The Teutonic Knights under the magnifying glass of geneticists. What will the bones from the fields near Grunwald tell us?

The Teutonic Knights under the magnifying glass of geneticists.  What will the bones from the fields near Grunwald tell us?

What did they look like, how did they die and where did the knights who fell in the fields of Grunwald come from? A team of scientists from Szczecin wants to answer these questions. The most arduous stage is already behind them: they have described and sorted half a ton of bones.

Fibulae separately, tibias separately, skulls and skull fragments separately. Everything sorted, measured and described. This is how the bones from the battlefield chapel near Grunwald look like now (the chapel was started by the Teutonic Knights in 1411). Just over a year ago, scientists called them: bone chute. Just human remains counted in hundreds of kilograms, and if you convert these bones into pieces, there are about 35,000 of them.

These are bones that were excavated in the 1960s and 1980s, but it was only the new possibilities offered by, among others, genetics that made scientists decide to look at them again. In 2021, the bones went to Szczecin – geneticists, anthropologists, forensics from the Pomeranian Medical University take care of them here.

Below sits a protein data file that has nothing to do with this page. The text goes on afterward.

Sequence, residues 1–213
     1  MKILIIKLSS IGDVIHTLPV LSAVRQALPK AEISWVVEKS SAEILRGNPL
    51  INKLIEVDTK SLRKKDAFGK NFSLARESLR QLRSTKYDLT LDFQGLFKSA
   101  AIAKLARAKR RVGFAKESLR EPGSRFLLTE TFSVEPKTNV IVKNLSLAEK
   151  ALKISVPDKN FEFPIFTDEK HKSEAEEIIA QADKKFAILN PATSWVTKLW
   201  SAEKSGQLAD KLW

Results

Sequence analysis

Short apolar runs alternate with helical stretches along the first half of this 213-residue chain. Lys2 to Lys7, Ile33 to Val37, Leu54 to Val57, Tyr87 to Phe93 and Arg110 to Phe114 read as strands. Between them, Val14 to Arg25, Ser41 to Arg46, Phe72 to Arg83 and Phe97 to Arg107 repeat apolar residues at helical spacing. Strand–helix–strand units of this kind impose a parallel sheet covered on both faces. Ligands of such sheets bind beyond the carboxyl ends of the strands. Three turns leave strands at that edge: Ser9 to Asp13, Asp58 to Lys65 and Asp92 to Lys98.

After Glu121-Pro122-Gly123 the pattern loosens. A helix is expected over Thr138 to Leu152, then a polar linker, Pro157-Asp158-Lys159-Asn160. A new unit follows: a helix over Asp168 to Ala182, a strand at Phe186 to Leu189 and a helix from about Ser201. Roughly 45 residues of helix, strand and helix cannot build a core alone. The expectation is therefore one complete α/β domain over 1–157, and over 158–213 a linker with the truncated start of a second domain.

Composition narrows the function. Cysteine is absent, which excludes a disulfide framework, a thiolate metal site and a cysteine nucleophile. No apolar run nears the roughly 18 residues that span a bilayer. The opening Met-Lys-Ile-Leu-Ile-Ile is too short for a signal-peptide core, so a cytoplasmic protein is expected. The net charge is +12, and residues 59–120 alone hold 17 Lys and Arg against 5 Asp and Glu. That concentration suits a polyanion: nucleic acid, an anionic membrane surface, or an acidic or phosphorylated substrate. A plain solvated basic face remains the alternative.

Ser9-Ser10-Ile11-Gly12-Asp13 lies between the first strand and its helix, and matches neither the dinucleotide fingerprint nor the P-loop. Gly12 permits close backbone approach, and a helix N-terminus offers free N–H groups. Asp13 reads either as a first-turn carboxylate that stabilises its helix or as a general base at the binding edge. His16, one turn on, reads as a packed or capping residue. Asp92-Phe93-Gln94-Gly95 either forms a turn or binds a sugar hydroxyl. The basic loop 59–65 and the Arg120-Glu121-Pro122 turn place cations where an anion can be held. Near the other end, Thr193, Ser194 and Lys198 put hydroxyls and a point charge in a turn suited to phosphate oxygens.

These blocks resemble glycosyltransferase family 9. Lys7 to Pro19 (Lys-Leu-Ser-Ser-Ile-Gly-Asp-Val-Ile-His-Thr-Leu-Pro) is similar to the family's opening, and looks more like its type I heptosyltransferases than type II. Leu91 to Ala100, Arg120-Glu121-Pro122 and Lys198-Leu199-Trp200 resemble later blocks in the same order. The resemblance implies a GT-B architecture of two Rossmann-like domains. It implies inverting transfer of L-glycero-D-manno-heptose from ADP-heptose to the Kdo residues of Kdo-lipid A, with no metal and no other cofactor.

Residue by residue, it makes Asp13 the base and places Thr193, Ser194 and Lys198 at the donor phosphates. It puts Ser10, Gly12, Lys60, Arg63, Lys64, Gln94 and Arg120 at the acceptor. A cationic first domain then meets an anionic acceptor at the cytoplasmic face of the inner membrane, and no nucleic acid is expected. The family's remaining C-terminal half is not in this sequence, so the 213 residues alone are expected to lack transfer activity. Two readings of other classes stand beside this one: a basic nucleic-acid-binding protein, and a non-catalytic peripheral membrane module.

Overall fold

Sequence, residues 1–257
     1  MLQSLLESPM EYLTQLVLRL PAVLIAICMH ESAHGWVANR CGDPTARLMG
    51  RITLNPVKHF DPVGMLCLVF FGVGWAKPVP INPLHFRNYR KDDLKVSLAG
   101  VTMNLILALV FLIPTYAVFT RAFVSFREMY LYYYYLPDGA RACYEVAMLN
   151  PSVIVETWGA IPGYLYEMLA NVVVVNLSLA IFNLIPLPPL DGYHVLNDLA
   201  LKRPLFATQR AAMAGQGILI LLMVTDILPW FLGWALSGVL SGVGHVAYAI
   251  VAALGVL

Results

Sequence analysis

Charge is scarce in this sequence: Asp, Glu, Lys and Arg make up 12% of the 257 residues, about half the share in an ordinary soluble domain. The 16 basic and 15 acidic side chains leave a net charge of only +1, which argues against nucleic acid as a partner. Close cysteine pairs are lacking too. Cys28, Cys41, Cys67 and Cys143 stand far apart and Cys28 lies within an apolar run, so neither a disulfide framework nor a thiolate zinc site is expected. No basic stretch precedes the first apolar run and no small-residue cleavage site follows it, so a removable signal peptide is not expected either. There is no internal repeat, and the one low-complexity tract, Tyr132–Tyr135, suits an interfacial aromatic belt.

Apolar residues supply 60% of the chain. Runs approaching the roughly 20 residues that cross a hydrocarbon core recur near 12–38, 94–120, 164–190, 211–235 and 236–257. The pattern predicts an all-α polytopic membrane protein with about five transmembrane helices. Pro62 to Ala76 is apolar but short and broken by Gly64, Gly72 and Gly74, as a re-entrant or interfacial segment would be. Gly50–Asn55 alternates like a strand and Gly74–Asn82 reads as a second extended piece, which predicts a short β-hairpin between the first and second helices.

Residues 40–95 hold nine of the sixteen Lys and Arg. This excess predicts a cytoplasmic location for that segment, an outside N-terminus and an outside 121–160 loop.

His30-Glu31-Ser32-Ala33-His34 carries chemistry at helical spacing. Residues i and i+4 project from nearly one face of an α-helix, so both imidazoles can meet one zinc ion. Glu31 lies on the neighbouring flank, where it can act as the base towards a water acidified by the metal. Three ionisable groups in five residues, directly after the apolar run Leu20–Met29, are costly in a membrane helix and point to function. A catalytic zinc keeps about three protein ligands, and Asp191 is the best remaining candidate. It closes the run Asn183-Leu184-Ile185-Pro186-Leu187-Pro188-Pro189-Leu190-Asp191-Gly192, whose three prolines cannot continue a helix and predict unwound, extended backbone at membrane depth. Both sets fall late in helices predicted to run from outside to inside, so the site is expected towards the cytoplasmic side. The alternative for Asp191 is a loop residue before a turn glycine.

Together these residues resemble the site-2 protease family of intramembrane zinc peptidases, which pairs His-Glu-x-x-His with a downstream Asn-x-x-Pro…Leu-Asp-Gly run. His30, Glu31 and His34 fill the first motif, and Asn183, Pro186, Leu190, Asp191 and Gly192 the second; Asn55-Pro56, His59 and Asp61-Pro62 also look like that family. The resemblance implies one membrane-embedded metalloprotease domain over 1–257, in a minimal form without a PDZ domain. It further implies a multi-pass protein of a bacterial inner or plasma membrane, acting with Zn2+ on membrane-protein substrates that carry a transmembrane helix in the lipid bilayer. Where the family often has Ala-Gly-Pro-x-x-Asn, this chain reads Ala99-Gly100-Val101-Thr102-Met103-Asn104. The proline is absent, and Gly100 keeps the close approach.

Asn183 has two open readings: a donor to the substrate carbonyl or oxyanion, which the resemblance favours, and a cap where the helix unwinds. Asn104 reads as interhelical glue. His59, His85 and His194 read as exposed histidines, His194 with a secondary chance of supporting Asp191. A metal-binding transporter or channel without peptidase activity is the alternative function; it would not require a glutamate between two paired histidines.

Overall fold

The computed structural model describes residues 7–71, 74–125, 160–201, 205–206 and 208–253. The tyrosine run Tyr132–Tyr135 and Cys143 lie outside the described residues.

The biggest challenge: isolating the DNA

35,000 human bones make up about 200 skeletons. But in this case, no one “assembled” the skeletons. – If we study the “bone chute”, i.e. the mixed remains of several skeletons, we can conduct genetic tests to match the bones to individual people. With this amount, however, it is simply impossible – says prof. Andrzej Ossowski from the Department of Forensic Genetics of the Medical University of Szczecin. At the same time, he emphasizes that anthropologists have managed to piece together several skeletons.

It was the anthropologists who did the painstaking work of sorting the bones, now it’s up to the geneticists to do it.